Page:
When I examine my life and my conscience, sometimes I find that my desire to find a spouse has been so all-consuming that it has become a kind of idolatry. I care more about attaining to some happy future than I do about my life in the present and the people who are in my life right now. Sometimes I care about it even more than I care about my relationship with God. Sometimes I even let it turn me against God. I give in to worry and self-pity and lose my trust and my hope in Him. I forget all about the many blessings He has given me and instead become ungrateful and resentful and self-centered, and envious and bitter toward other people. It can be really hard not to give into this downward spiral.
Not to make excuses for my own part in that, but there are a lot of external pressures, both from society at large and from family and friends. With the latter especially, it may be well-meaning pressure, but that doesn’t make it any less distressing; in fact it can be much harder to cope with loved ones than with society, because you are more likely to care what your loved ones think of you. I should also say that sometimes I am my own worst enemy, in that I can be especially sensitive and self-conscious about my state in life, so that if a friend offers me fashion advice, I may assume she’s telling me I am not attractive enough, or if my mother comments on how much she wishes she had grandchildren, I may assume that she is profoundly disappointed in me, maybe even a little resentful. Such assumptions likely have little or nothing to do with reality. More likely, they are whispers of the devil. Whispers that are actually more like spears that know exactly where your armor is weak.
The real problem is giving heed to those whispers of the devil. The desire to find a spouse, the desire to have a happy and fulfilling life, the desire to win esteem from those around us–these are all perfectly natural and good and necessary drives. Our hearts naturally yearn for love, happiness, and approval. But our hearts, fallen as they are, often seek them in the wrong places. They seek them in the world… the world that is too often in thrall to the devil and chock full of pitfalls and mesmerizing diversions. Yearning after things in the world is the very root of all idolatry. We may not make idols as ancient pagans did–we don’t have to make them. They are already here, everywhere we turn. Everything in this world, including our own hearts, our own natures, are susceptible to distortion and corruption.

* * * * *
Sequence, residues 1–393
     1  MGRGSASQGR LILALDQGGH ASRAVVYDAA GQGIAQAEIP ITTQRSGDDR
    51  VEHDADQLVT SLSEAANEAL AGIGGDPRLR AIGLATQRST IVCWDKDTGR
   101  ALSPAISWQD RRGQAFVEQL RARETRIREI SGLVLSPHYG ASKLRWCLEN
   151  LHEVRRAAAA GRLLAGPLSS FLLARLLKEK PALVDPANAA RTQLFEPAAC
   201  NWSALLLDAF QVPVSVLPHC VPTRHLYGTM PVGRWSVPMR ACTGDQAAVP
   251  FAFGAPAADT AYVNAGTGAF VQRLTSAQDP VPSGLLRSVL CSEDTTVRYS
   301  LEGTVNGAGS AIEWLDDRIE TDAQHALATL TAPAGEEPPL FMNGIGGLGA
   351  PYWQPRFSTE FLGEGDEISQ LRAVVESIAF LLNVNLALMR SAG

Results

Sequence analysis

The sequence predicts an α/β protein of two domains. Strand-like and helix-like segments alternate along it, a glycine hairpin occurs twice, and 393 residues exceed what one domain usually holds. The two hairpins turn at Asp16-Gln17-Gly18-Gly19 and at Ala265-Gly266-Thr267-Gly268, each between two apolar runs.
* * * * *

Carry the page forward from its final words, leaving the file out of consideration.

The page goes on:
So clearly, we must look beyond this world. We must reinforce the weak spots in our armor. We must shore up our courage and be very vigilant. We must keep our minds trained upon what is real, what is good, what is true, what is right, what is at hand right now. We must pray for our society and we must assume the best of our loved ones–or at least be willing to forgive and forget any seeming inconsideration or careless slips of the tongue on their part. Above all, we must cling fast to our true God, our only true God, our only help and our only hope. Ultimately, despite all the outside influences, it all comes down to us and God and the relationship between us.
I find the image of God as our Good Shepherd especially powerful in keeping me close to Him. God is always there for us. He lets us run loose, hurry ahead, dally behind. He speaks to us, calls after us, but He doesn’t force us to listen. He even lets us run straight into trouble if we really have our hearts set on it–and let’s face it, we often do, and in those moments, we couldn’t care less about Him or where He is or the sound of His voice. But He is there when we need Him and want Him. If our hands reach out for Him, they will find Him. If we cry for Him, He will come. He is ever alert to our little bleats. He may break our little sheep legs if we wander off one too many times–but that is an act of mercy, not punishment, and He will carry us is His own arms, especially close to His heart, until we heal and start running around again.
And then, there is the Crucifix. Nothing sums up the relationship between God and mankind like the Crucifix. St. John of the Cross said: “Whenever anything disagreeable or displeasing happens to you, remember Christ crucified and be silent.” Before a Crucifix, there can be no complaining, no quarreling, no rebellion, no self-pity, no shaking your fist at God. Not if you really look at it and think about it. There is just the stark realization that God’s love for us is so vast that it is beyond our understanding. I think it’s a really good idea to buy your own Crucifix for your home. I have a couple. And sometimes it helps to take one down from the wall, into my own hands. Somehow it becomes even more “real.” If I can pray in no other way, I just take the Crucifix and hold it and look at it and press it against my shoulder. And that helps me to feel very close to God and to His Sacrifice.
Finally, I wouldn’t be much of a Dominican if I didn’t recommend the Rosary! It is another really good way to draw us into the life and the person of our Lord, with help from His mother Mary. When I first started praying the Rosary, I found this site most helpful. For each decade of each set of Mysteries, it gives 10 brief meditations. It’s a good way to get into the habit of meditating while praying the vocal prayers.
Those are just a few things that help me to remain focused on God and His love for me and my love for Him. That is of the utmost importance in order for any of us to find any kind of happiness. As the priest says to the countess in Bernanos’ The Diary of a Country Priest, “[God] is not the master of love, He is love itself. If you wish to love, do not put yourself beyond love’s reach.”